Download Dissertation sur les passions, suivi de Des passions by David Hume PDF

By David Hume

Mettre au jour les lois qui régissent le monde des passions, montrer que les passions engagent un rapport particulier au monde et souligner leur prégnance dans le domaine des activities humaines : telle est l ambition de Hume dans les deux oeuvres ici réunies. Réécriture du livre II du Traité, l. a. Dissertation sur les passions en rend plus saillantes les thèses originales.

À l. a. différence des moralistes qui dénoncent les vices des passions, des rationalistes qui entendent les subordonner aux idées claires et distinctes, et des naturalistes qui les font dériver des états du corps, Hume, s inspirant des méthodes de los angeles body newtonienne, les aborde pour l. a. première fois du aspect de vue d une technological know-how générale de l. a. nature humaine.

Show description

Read Online or Download Dissertation sur les passions, suivi de Des passions PDF

Similar philosophy books


Are looking to be crafty? you could want you have been extra smart, extra versatile, in a position to reduce a number of corners with out getting stuck, to dive every now and then into iniquity and floor clutching a prize. you want to roll your eyes at these slaves of accountability who play via the principles. otherwise you could imagine there's whatever sleazy approximately that stance, whether it does appear to repay.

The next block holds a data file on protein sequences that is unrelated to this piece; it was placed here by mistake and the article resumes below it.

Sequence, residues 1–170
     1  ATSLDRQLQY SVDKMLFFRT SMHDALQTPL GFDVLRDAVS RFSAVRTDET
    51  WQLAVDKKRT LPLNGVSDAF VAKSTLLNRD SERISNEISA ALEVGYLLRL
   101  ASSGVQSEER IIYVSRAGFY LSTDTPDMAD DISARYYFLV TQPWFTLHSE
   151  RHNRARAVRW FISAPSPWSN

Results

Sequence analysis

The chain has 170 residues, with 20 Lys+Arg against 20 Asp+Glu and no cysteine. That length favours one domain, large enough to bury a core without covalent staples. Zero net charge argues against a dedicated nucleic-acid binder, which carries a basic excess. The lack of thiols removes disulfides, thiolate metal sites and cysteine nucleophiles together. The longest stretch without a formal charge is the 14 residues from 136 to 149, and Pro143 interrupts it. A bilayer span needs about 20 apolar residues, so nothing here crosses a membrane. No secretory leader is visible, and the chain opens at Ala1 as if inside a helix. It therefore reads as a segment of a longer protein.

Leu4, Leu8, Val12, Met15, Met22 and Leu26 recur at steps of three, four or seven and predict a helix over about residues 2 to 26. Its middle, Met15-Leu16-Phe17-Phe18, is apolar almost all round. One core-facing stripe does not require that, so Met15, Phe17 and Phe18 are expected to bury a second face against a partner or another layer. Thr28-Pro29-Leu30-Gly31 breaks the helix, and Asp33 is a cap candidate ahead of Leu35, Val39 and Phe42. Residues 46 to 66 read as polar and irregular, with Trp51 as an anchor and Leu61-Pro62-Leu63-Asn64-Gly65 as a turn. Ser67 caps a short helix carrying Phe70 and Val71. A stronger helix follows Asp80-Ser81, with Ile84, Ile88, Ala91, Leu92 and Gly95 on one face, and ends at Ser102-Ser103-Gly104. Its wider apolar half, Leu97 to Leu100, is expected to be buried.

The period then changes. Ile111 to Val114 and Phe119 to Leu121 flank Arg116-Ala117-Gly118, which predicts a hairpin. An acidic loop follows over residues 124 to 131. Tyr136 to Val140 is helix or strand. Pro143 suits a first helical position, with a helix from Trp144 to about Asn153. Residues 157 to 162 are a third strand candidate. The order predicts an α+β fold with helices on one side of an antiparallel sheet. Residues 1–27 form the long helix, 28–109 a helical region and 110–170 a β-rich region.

Environmental Culture: The Ecological Crisis of Reason

Environmental tradition and the difficulty of reason
Culture as opposed to techno-optimism: cause to the rescue?
Adding ecology: ecohumanities perspectives

1 The ecological hindrance of reason
The penguin’s story
Modern heirs of rationalism
Dualism and financial rationalism
Blindspots of rationalism: the fisheries case
A gendered schedule: neither rational, ecological or ethical

2 Rationalism and the anomaly of science
The double face of science
Disengagement as sado-dispassionate practice
The subject/object divide and the anomaly of science
Resolving the paradox of technology: integrating the ‘two cultures’
Anthropocentrism and anthropomorphism

3 The politics of ecological rationality
The rationality of the EcoRepublic
The politics of rationality
Remoteness and decision
Remoteness, autarchy and spatial scale

4 Inequality and ecological rationality
Liberal democracy and ecological rationality
Beyond liberal democracy: deliberative modifications
Beyond deliberative democracy
The ecological rationality of procedural and participatory democracy

5 The blindspots of centrism and human self-enclosure
Rationalism and human-centredness
The logical constitution of centrism
A parallel liberation version of anthropocentrism
Economic centrism: nature as classification and resource
The centric parallel as a realistic model
Otherising as an obstacle to justice
The prudential blindspots of anthropocentrism

6 Philosophy, prudence and anthropocentrism
Is not easy anthropocentrism beside the point and unhelpful?
Is human-centredness inevitable? The difficulty of prudential argument